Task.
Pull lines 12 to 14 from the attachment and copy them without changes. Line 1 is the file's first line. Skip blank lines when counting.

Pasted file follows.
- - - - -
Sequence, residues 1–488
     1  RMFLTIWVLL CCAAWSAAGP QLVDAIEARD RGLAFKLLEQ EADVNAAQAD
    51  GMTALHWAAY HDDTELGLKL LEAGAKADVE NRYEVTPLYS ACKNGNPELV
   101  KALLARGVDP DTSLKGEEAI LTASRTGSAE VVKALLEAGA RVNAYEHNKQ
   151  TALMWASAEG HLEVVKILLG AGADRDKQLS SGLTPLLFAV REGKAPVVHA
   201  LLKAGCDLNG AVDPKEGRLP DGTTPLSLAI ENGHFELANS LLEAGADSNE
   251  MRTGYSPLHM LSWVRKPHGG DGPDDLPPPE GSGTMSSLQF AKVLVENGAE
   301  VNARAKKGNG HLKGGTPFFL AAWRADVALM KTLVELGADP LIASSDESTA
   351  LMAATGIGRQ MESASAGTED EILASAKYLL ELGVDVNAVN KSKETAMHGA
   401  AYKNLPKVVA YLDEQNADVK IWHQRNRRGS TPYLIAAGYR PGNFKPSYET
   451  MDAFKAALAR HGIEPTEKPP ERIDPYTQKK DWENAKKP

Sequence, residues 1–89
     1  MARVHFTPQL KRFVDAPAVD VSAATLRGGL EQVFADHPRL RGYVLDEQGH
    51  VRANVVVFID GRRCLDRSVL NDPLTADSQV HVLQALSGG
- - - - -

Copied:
Sequence, residues 1–89
     1  MARVHFTPQL KRFVDAPAVD VSAATLRGGL EQVFADHPRL RGYVLDEQGH
    51  VRANVVVFID GRRCLDRSVL NDPLTADSQV HVLQALSGG